– That wages had to be kept low in order to ensure profits which would help grow the size of enterprises, and thus the number of jobs. (It did not, it did increase poverty, and lower consumption).
– That low wages would prevent business fleeing Europe to settle in lower wage countries. (They went there anyhow, and cheap imports into Europe are not controlled by agreed to ILO standards, such as no child labor etc.).
– That capital gain would ‘trickle down’ into all levels of society. (It does not).
– That wages need to be taxed to provide for our welfare state (around 30%), whereas capital gain should not be (more than 10%), and CEOs should see their salaries rise to keep them in Europe. (Let them go, and allow women CEOs to take their place).
This all has led to an unprecedented increase in the gap between rich and poor in Europe, a justified anger that wages for lower paid jobs including in public transport, health workers and teachers have hardly increased in decades – and a growing conviction that governments and the EU are working for the corporates, not for the people. The huge financial bail-out of the banks in the financial crisis in 2008, with taxpayers money at the cost of public spending, whilst the banks can continue their dubious products and practices, has increased the anger and frustration about ‘the powers that be’. And do not get me started on environmental issues, which despite the Paris agreement all EU governments are howling at, and spending much less money on than the bail-out of the banks.
What the rightwing anti-migrant populist parties are guilty of is to blame this striking economic imbalance and insecure future because of climate change on refugees and migrants – who are fleeing war, climate disruption and lack of perspective. They supposedly ‘steal our jobs’, ‘live off our welfare state’, and ‘make our streets unsafe’. This increases social exclusion and discrimination, and it is hard to discover how the EU is even trying to combat that. Happily many citizens on the ground show much more solidarity and compassion than their governments.
The economist Thomas Piketty has proven with extensive research that this growing economic inequity and lack of social progress in Europe (combined with a neo-liberal ideology, that if you don’t succeed as individual, then that is your own fault) not only hurts the economy, but it also damages social cohesion and democracy itself.
So here we have it. The conclusion.
Europe fails to live up to its own values and arguably to its most important goals.
Mind the gap!! But the gap is increasing.
Strangely enough, Europe is not all bad. In comparison human rights, security, economic safety, justice and environmental standards are still better served in Europe than in most countries and continents in the world. As many global reports show.
Which is why I disagree that a ‘new social contract’ is needed in Europe, or indeed in the world. The existing social contract in itself can stand. We have many good policies, intentions, institutions. Which many citizens, organized in civil society, civil service and political parties have worked hard to achieve. Beyond the EU goals and values are the global Sustainable Development Goals, the Paris Climate Agreement, the many UN and ILO and OECD conventions and agreements.
But unfortunately too many political leaders of EU member states are behaving like bad middle managers: talking tough nationally, taking undeserved credit for themselves (e.g. for economic growth), bowing their heads to powerful multinationals, and allocating as much blame as possible for difficult decisions to the European Union. They play the ‘blame game’ upwards (to the Commission) and sideways (to southern and eastern member states).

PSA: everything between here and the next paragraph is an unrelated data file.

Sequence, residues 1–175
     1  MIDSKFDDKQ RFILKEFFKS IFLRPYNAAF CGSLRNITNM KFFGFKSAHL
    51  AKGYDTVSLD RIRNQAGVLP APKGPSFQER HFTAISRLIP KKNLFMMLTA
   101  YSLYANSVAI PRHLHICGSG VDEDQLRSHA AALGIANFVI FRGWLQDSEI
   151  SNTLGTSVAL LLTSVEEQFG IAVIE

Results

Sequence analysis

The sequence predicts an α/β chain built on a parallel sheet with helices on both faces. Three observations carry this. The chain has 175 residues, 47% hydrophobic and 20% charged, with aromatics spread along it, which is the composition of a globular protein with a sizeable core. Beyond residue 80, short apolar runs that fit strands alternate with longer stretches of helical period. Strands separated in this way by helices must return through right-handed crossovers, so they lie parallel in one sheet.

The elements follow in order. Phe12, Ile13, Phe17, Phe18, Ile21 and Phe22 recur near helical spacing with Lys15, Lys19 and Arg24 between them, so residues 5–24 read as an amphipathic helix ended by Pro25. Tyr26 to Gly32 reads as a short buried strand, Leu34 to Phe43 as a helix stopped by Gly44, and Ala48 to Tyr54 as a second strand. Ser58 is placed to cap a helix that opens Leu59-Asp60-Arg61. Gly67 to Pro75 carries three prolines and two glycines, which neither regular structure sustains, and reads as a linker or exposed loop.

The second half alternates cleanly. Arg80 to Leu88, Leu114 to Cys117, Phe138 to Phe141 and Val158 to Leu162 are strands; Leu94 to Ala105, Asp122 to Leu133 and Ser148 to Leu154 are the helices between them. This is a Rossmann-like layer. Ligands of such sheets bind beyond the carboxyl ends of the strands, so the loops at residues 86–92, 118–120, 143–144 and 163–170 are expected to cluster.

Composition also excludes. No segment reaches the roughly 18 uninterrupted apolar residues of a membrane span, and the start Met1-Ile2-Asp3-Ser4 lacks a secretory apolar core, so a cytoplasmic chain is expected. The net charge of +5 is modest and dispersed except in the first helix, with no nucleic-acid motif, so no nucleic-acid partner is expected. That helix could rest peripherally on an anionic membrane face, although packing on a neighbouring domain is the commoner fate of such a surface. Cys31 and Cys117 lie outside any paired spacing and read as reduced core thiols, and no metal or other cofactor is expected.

Instead they could and should take on collective leadership for a strong Europe which stands fully for its values: for its human and gender and diversity rights, for minorities, migrants, refugees, for its social contract with its citizens in terms of education, health, economic opportunity, social services, and a climate safe future.
Brexit shows us a younger generation in the United Kingdom which is sick of all these tactical shenanigans. They (70%) demand political solutions, and are shocked by how mainly English but also European political lies and apathy allowed Brexit to happen. Or worse, some of them are giving up on democratic processes altogether, because of the often-seen political hypocrisy and short sighted self-interest.
So I do not think populist activism has caused our European ‘value crisis’, but it has been able to jump into the gap left by EU leadership which is not seen to be working coherently and consistently towards diminishing the distance between European goals and values, and the reality of the daily lives of too many of its citizens. Too often political leaders are even publicly taking distance from EU values, some explicitly like Hungary and Poland.
There is also the administrative jungle which frustrates many who do try to work with the European Union. This affects corporate and social enterprises, citizens, and civil society.
But perhaps most seriously, the problem is the majority of silent citizens who somehow assume that peace, justice, security, human rights, economic equity, gender justice and safety, environmental problems etc. etc. will take care of themselves. The silent majority can and should demand coherence between the EU goals and values, and their delivery. We can and should all be world citizens wanting urgent progress on combatting climate change and achieving the Sustainable Development Goals. For reasons of justice, solidarity, as well as enlightened self-interest.
So the need now is to live up (seriously, urgently!!) to the EU goals and values we as Europeans have already agreed to. How about being explicit that when a country underwrites certain European (and UN) agreements, that this is indeed binding for all: for its political parties, its citizens and civil society. And do not forget: particularly for its businesses, corporates and banks (fill in your favorite names yourself). That would make a difference.
Let’s close the gap.
Let’s become (yes, politicians, corporates, civil society, citizens) serious about our European goals and values: trustworthy, reliable, clear about the ambitions and honest about how hard it is to fully achieve these. Let us become truly committed in our common efforts to achieve the Europe we (most of us) want – but are as yet not achieving.
Former Director of Oxfam Novib
Former Director of Greenpeace Netherlands